It’s astonishing how many new tequila brands are popping up these days. Especially considering that it takes nearly a decade for agave plants to mature enough to be distilled into tequila and rendered into those frozen concoctions that help us hang on. The recent explosion in tequila’s popularity has made it a particularly hard category to navigate. And it can be pricey, so it’s important to know before you buy what the different categories are, and how they might work with the way you plan to enjoy your tequila.
Robert Simonson is an excellent person to guide us through. He’s a cocktail writer for the New York Times, author of several spirits books including Mezcal and Tequila Cocktails: Mixed Drinks for the Golden Age of Agave, and producer of the cocktail-centric newsletter, The Mix with Robert Simonson.
“It goes without saying that tequila should be 100% blue agave, no mixtos!” he says as his first piece of advice, referring to poor quality “mixto” tequila that uses other fermented sugars in the mix, such as corn syrup, and leads inevitably to the infamous hangovers that unjustly gave tequila a bad rap. By definition, tequila must be made with blue agave, and it must be produced in specific regions within Mexico. But there is ample room for variation and experimentation beyond those rules.
“When it comes down to it, I am a cocktail man, and the place I like my agave spirits best is in a cocktail,” says Simonson. “That said, people often do drink them neat, and that is the way they are largely consumed in Mexico.”
Whether you prefer to sip it neat, on the rocks, or in a cocktail, each of tequila’s different styles will strongly influence your experience. Here’s what to know about the different categories of tequila, as well as some of the best bottles of each to get your hands on.
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Blanco | Plata | Silver Tequila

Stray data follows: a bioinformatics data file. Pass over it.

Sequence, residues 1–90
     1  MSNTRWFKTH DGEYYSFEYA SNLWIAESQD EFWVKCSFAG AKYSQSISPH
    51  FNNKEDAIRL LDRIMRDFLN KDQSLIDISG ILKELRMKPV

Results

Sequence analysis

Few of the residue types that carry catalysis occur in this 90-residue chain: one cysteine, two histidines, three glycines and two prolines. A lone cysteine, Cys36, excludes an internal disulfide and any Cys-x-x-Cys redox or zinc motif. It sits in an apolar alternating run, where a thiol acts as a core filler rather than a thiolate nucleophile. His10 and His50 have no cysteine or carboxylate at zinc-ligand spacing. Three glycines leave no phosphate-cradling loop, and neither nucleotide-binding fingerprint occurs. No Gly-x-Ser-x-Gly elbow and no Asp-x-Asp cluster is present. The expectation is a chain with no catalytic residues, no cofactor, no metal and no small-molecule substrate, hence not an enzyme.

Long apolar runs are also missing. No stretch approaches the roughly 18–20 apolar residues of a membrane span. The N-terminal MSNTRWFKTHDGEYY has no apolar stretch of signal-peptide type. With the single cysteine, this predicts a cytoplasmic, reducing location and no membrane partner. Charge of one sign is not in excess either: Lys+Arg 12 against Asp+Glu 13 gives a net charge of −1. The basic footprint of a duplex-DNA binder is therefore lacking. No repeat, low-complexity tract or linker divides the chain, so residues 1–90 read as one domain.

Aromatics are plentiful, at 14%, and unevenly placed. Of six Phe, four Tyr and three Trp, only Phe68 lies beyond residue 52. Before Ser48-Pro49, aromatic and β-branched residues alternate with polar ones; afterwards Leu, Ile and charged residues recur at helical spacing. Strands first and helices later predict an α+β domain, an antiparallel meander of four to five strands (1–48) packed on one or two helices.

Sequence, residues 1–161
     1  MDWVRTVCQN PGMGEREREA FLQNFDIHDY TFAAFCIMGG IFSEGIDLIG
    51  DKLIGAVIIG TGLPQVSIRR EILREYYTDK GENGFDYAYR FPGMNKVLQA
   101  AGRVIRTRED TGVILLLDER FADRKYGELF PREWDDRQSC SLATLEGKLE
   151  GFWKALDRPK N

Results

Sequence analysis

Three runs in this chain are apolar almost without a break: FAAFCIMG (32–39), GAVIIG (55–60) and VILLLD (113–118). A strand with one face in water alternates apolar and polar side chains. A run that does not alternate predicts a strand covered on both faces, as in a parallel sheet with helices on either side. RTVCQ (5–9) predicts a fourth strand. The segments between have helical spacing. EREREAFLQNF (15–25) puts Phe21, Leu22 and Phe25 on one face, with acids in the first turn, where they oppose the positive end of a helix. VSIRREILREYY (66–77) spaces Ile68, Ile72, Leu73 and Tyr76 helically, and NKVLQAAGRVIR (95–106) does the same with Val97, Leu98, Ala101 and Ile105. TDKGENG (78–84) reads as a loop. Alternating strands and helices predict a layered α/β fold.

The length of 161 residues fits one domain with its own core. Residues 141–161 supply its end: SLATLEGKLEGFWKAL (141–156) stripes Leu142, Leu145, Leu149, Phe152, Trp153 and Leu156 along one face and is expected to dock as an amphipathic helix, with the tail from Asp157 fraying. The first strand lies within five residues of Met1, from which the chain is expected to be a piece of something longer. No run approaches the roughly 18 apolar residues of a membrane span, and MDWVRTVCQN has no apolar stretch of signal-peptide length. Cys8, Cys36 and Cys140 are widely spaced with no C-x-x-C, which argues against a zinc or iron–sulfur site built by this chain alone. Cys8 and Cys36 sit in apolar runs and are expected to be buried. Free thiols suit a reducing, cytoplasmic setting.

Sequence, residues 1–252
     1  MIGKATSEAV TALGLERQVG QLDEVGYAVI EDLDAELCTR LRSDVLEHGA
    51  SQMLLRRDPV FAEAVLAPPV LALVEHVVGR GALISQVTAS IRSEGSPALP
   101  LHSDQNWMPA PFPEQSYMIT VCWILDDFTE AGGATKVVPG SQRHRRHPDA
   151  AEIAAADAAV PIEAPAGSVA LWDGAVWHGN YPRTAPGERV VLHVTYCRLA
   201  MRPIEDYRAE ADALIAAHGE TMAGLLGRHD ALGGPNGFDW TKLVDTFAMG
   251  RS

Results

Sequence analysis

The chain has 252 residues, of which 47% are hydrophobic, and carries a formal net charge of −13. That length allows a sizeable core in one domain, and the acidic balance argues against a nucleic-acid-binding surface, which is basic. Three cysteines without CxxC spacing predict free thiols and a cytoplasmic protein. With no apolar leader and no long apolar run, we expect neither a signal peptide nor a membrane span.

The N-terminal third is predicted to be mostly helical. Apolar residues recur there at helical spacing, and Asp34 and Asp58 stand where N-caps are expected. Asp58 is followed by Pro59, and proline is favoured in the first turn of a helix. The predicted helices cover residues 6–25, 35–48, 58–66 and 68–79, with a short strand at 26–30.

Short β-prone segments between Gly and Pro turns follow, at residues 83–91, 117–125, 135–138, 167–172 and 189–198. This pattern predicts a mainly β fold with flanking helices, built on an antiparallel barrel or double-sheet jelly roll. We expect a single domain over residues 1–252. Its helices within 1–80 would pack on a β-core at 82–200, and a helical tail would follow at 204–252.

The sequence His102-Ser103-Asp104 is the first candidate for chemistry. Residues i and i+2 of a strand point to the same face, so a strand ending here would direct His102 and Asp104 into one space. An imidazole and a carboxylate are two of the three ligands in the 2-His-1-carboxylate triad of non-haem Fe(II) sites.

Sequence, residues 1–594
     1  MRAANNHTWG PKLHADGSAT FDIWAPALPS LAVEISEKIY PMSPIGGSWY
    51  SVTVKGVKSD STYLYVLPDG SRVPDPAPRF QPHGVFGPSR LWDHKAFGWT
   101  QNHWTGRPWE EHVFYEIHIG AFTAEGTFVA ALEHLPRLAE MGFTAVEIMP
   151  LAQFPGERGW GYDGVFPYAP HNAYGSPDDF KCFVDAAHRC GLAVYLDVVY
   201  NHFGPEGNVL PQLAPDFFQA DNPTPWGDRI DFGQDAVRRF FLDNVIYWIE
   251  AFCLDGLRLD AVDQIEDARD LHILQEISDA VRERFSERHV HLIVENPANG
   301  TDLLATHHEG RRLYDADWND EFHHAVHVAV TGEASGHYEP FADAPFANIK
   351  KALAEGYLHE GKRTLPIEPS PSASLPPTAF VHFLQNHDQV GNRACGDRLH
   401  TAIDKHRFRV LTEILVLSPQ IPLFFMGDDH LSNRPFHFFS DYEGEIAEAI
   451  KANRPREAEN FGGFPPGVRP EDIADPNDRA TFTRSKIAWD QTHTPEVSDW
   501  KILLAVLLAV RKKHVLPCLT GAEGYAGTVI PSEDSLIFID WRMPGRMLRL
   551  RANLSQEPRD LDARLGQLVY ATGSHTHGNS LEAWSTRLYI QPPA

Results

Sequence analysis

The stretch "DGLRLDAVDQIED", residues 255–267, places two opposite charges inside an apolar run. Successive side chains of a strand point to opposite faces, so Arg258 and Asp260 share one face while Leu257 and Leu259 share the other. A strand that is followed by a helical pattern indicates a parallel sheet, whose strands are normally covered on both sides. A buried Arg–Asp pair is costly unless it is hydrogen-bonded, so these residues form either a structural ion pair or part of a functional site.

When it comes to tequila, the terms blanco, plata, and silver are interchangeable. They all refer to tequila that is unaged or aged less than two months. Tequilas in this category have floral, bright, peppery characteristics that make them perfect for citrus-forward cocktails.
“For a margarita, you want an affordable silver tequila of quality pedigree,” says Simonson. He makes the same recommendation for the grapefruit-centric Paloma. “They are both simple drinks, and the juice and sugar in them will mask the characteristics of whatever spirits are inside to some extent, but quality always shows, so it pays to use a good tequila.”
A favorite of Simonson, El Tesoro Blanco is made from agave grown at 6,000 feet above sea level. It’s cooked in a traditional brick oven, ground with a stone made of lava rock, distilled twice in copper pot stills to proof strength, then bottled unaged to preserve the essence of the agave flavor.
La Adelita is named in honor of the women fighters of the Mexican revolution, from the famous tale (corrido) of the same name. This blanco is twice distilled in small, Cuban copper pot stills brought to the estate in the 1920s. Because of its brightness and balance, it would be great simply on the rocks. But it also would make a mean margarita.